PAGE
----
Peau d’orange

Renaissance oil paintings depicted voluptuous women baring their all, cellulite included. The word itself was coined in the 1920s by French doctors, and began appearing in English language publications in the late 1960s, with the earliest reference in Vogue magazine in 1968.  By the late 1970s, cellulite was well-known in women’s circles. But in the medical community is was “so-called cellulite: an invented disease.” Today, whether cellulite is a real disease or only a disturbing aesthetic issue is still a matter of controversy. But make no mistake, whether in England, a mattress pad; France, an orange peel; or America, cottage cheese – cellulite certainly exists (pathological or not). Continue reading


Good Cholesterol?

Heart disease is the No. 1 killer of women (more than all forms of cancers combined). In addition to maintaining a health weight through diet and exercise, your cholesterol levels are also important.  But not all cholesterol is created equal. Continue reading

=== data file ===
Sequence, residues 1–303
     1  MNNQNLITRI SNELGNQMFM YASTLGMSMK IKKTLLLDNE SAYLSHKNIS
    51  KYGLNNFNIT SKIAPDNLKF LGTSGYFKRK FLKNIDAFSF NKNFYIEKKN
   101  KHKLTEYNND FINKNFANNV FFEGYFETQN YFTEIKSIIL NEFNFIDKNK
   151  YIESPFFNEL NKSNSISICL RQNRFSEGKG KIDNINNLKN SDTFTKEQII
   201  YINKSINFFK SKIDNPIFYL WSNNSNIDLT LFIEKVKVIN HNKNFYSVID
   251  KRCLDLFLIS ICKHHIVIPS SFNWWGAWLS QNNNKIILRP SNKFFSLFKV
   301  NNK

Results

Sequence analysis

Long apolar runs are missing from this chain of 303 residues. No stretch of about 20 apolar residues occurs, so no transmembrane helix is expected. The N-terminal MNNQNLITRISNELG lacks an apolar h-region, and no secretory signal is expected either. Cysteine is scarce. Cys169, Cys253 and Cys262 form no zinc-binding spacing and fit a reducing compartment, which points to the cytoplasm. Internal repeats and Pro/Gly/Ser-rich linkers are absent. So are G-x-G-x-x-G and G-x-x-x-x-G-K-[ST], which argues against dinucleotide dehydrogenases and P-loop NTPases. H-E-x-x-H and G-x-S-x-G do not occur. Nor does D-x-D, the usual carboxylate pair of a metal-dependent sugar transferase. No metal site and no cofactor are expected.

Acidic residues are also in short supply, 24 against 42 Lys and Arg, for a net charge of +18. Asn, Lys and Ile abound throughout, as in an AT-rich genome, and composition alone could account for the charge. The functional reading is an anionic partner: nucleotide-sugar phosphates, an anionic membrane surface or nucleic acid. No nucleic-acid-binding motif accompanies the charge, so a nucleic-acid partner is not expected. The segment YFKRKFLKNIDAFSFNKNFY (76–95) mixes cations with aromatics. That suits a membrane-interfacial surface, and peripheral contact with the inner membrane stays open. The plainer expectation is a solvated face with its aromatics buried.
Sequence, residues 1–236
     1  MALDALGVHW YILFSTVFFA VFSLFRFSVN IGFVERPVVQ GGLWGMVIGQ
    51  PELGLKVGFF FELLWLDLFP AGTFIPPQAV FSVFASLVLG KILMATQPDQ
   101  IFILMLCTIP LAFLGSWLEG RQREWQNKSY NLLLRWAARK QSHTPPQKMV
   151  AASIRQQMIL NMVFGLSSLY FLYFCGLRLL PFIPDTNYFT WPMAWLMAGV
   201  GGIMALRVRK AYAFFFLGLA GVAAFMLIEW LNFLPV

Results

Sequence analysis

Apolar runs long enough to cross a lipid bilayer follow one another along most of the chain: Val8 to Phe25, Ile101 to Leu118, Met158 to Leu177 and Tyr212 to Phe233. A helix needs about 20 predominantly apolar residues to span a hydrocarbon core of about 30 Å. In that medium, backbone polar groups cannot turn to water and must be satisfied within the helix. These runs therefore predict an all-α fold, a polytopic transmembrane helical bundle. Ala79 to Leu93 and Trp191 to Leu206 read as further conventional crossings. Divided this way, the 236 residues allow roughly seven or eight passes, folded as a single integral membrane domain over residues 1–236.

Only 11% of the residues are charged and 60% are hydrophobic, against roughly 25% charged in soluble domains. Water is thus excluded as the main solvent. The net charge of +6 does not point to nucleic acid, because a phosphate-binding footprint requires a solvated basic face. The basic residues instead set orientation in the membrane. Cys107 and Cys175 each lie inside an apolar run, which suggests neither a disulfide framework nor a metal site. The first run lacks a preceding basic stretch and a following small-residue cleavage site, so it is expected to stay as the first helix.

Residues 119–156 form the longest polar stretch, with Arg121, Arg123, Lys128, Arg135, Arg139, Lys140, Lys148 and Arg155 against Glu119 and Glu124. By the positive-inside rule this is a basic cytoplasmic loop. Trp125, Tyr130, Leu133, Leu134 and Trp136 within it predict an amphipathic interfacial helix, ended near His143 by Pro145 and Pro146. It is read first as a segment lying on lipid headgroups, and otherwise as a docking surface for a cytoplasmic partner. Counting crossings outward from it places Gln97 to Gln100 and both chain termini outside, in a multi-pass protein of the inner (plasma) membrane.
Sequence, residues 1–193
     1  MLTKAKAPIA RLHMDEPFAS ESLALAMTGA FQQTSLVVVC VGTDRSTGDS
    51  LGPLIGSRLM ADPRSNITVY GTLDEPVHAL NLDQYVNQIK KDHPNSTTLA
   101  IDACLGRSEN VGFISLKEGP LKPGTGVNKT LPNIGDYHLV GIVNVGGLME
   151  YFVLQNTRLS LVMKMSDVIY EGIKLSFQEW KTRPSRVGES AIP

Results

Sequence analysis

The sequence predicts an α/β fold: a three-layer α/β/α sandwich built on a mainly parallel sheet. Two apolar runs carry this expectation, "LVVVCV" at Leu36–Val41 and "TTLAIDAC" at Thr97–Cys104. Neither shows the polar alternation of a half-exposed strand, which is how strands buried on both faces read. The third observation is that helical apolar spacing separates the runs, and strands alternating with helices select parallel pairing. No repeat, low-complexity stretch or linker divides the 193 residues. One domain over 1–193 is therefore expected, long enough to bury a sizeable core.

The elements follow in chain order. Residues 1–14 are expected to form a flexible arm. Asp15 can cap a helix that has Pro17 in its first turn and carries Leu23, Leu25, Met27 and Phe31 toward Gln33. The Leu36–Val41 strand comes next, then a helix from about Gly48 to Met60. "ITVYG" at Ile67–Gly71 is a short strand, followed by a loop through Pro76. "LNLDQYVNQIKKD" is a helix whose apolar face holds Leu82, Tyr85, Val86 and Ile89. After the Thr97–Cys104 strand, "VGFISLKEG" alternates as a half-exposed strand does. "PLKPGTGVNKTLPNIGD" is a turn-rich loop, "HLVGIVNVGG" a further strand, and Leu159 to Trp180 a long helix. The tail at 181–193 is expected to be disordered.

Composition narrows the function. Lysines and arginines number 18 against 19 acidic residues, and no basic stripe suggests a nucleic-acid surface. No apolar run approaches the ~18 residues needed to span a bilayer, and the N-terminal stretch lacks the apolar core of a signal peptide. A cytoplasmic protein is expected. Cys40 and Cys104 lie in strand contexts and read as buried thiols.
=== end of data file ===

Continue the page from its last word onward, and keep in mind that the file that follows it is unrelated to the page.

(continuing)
We live in a society that freely and unapologetically objectifies women as sex objects. And yet, sex as intercourse is often treated as taboo. We bashfully whisper to friends or anonymously turn to the internet for answers. It’s no wonder so much misinformation about the female body continues to circulate in mainstream consciousness.  As we approach this deemed day of “love”, let us candidly dispel commonly held myths and revel in the blissful truths. Continue reading

Go Red!

In 2003, research revealed that heart disease was by far the No. 1 killer of women (more than all forms of cancers combined). And despite the perception that heart disease is what happens to older men, the reality is that more women die of heart disease than men. To save lives and raise awareness of this serious issue, the American Heart Association launched Go Red For Women. The red dress has become the iconic symbol of the battle against heart disease in women. Continue reading